Set your fitness free has been a tag line of ours that we’ve embraced and lived by since our start. We gradually came to the realization that keeping up with our changing needs as women is a big part of maintaining that freedom. So we asked ourselves how we could support our client in their evolution, whatever direction it took. The answer was clear – by offering fitness that evolves with them. Whether you are working your tail off, getting married, having a baby, had the baby or have a growing child – We’ve got you covered. All of this paired with studios that exude positive energy. We go out of our way to make sure each person that attends class is happy and content.
How does your current role reflect your personal aesthetic?

In every sense possible – I’m the oldest of 3 girls, with 6 and 9 year age differences between both sisters which meant, I was always the boss. For about 15 years my household revolved around my gymnastics career. For the most part, Work it Out was built on two stages of my life: During and After Gymnastics. The fundamentals of our gymnastics program come from everything I’ve ever learned from my time with the sport, like hard work, goal setting, confidence building and perseverance. The adult classes come from everything I learned after it was over like understanding how to juggle real life and healthy living. Also – I’ve always had a creative side with particular taste. Classic, clean. I think that shines through in the visuals of the brand.

Who are the women who inspire you and how have they been instrumental to your career growth?

Elizabeth Cutler and Julie Rice Founders of SoulCycle. Also, Lauren Boggi Goldenberg Founder of Lithe Method. These women inspired me to start Work it Out 4 years ago. I was living in Manhattan and used to take SoulCycle classes in the original Upper West side studio and saw how magical bringing together a community of people was. I grew up in a gym environment and understood that working out could not be forced. There had to be something special that people identified with in order to keep them engaged and coming back. Their studios made me understand that your work out is personal and you need to connect with it in order to stay committed.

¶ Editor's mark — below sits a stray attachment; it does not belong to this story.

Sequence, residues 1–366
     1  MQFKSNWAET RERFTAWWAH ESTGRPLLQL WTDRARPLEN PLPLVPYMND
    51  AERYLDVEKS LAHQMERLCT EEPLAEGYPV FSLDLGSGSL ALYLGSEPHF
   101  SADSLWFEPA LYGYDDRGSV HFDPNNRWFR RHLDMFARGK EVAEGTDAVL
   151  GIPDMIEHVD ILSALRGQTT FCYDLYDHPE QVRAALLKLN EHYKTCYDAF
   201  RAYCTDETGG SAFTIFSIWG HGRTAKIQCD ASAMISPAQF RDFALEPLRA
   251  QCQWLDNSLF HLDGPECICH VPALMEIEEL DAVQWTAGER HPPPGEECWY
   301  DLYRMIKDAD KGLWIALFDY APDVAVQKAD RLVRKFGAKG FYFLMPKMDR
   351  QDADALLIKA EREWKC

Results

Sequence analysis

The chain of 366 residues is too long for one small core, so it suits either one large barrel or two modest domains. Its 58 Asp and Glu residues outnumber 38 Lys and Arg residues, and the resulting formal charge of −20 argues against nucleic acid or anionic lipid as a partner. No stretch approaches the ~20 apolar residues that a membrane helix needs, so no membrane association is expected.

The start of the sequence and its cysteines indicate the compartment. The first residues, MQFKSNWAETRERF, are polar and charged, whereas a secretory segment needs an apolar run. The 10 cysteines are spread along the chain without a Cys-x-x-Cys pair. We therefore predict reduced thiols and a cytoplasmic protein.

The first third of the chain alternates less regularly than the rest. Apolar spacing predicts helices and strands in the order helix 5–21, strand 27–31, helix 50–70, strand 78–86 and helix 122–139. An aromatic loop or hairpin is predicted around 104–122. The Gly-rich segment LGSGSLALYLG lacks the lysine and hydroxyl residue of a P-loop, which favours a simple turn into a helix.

Cultural trends constantly change. What do you do to stay relevant, connected, and ahead of the curve?

I’ve always had an eye for trends. For one, just taking a step into NYC and opening your eyes to the culture, the fashion, the risk taking, can help inspire you. Being aware of people, places and things around you. I’m very visual, so naturally I connect with Instagram. I love following personalities in my industries, all different types, from all over the world. I find it interesting how certain countries are so ahead.. I always feel this way about Australia for some reason. I keep Work it Out relevant by picking and choosing trends that inspire me and remixing them into something that makes sense for the brand.

With that said, how do you keep track of your personal and business goals? How do you stay focused (even when you are exhausted)?

I’ve found that I am a big picture thinker. If I have a clear vision of the big picture, it makes it easier for me to set smaller goals. Staying focused is difficult for me in an ever-evolving business because the big picture is always changing, depending on what opportunities come your way. It’s important to be nimble. Being patient, trusting your gut and making smart, well thought out decisions is something I live by. An occasional risk here and there is also important.

Do you have any mentors? If so, who are they?

The closet thing I have to mentors, are my start-up savvy friends. These are people that have gone through similar business obstacles and triumphs or are in the process of going through them.

A recent study found a lack of mentorship among young women. How important are mentors to you?

I lean on this group of people quite frequently. It’s comforting to have supporters in your corner that will give you unsolicited advice that you are not afraid to hear. I like that they’re relatable.

What is your advice for women entering creative fields or starting their own business?

Go for it! Just know – it’s difficult to do everything on your own. There is power in numbers. Do your best to find a team that believes in your mission. Be patient. Also, mistakes are bound to happen. Don’t let them discourage you.

What place inspires you the most?

Central Park.

When do you feel most powerful?

When I bond and feel connected with my team.

Why do you love what you do?

Because it is an extension of me. There is something so fulfilling about creating a place that people love. It’s a part of their everyday lives and makes them happy. I feel indebted to them and a responsibility to grow it.